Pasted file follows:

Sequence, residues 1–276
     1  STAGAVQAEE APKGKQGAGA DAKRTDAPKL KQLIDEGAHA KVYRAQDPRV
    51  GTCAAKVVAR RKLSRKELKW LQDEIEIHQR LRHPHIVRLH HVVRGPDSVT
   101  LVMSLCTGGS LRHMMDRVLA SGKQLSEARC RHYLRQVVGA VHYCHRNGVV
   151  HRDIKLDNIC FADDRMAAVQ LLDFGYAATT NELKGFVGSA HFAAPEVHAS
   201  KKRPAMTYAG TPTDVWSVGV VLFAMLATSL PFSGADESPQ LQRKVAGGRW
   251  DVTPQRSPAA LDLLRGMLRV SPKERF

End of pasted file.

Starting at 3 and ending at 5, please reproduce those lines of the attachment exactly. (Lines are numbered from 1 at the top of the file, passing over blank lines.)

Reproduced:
    51  GTCAAKVVAR RKLSRKELKW LQDEIEIHQR LRHPHIVRLH HVVRGPDSVT
   101  LVMSLCTGGS LRHMMDRVLA SGKQLSEARC RHYLRQVVGA VHYCHRNGVV
   151  HRDIKLDNIC FADDRMAAVQ LLDFGYAATT NELKGFVGSA HFAAPEVHAS